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Dancing the Carceral Creep: The Feminist Anti-Domestic Violence Movement and the Paradoxical Pursuit of Criminalization

Tuesday, Oct 4, 2016 @ 5:30 pm - 7:00 pm

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Mimi Kim_The UCI Initiative to End Family Violence (IEFV) Distinguished Lecture

Dancing the Carceral Creep: The Feminist Anti-Domestic Violence Movement and the Paradoxical Pursuit of Criminalization

featuring Mimi Kim, Ph.D.
Founder of Creative Interventions, Founding Member of INCITE!, and Assistant Professor, School of Social Work, California State University, Long Beach

Date: Tuesday, October 4, 2016
Time: 5:30 – 7:00 p.m.
Location: UC Irvine, Education Building (EDUC), Room 1131 (directions/parking)
The event is free and open to the public. Refreshments available at 5:00 p.m. Parking is $10 in the Social Science Parking Structure.

This event is approved for 1.5 hours of Minimum Continuing Legal Education Credit by the State Bar of California. UC Irvine School of Law is a State Bar-approved MCLE provider.

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The criminalization of violence against women over the past forty years represents both social movement success and the paradoxical alignment of feminism with increasingly punitive carceral policies. While critics of what is now known as carceral feminism locate the Violence Against Women Act (VAWA) of 1994 and its attachment to the Crime Bill as the watershed moment in the collaborative relationship between mainstream feminism and the carceral state, this research turns to the formative years of the “battered women’s movement” to gain insight into how and why early feminists turned so definitively to criminalization as a response to domestic violence. In this talk, Professor Kim uses historical interview and archival research on the formation of the first domestic violence victim witness program and the Community Coordinated Response to explain the process through which early social movement success targeting law enforcement led to the eventual subordination of the social movement to the carceral state. This focus on early institutional innovations and their effects upon a contested spatial relationship between civil society and the state serves as a launching point for further exploration of the contemporary social movement landscape and demands for alternative responses aligned with community-based, Transformative Justice and prison abolitionist visions and practices.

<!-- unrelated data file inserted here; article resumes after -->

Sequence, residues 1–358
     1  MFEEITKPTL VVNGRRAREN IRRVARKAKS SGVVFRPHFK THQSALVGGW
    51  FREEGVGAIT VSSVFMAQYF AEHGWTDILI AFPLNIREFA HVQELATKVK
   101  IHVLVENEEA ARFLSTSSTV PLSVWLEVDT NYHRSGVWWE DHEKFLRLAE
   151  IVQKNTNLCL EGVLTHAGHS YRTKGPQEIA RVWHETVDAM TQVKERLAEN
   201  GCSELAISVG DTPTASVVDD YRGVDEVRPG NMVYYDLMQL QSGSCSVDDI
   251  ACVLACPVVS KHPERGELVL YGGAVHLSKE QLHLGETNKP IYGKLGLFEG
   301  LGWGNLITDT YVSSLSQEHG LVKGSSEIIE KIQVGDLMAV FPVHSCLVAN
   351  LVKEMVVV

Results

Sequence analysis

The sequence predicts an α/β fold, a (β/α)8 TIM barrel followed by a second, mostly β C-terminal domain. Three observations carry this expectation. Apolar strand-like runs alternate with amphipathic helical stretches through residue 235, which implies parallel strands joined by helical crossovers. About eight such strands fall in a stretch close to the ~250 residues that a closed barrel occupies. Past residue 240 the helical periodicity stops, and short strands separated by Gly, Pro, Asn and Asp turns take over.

About Mimi Kim, Ph.D.

Mimi Kim is an Assistant Professor at the School of Social Work at California State University, Long Beach. She is a longtime advocate and activist in the anti-violence movement, a founding member of INCITE! and the founder of Creative Interventions, an organization established to create accessible models of community-based interventions to domestic and sexual violence alternative to criminalization. She is currently working on a California statewide initiative to build grassroots, community-based capacity to implement violence intervention options aligned with the principles of Transformative Justice. She is also co-editor of Community Accountability: Emerging Movements to Transform Violence, a special issue of Social Justice: A Journal of Crime, Conflict, and World Order.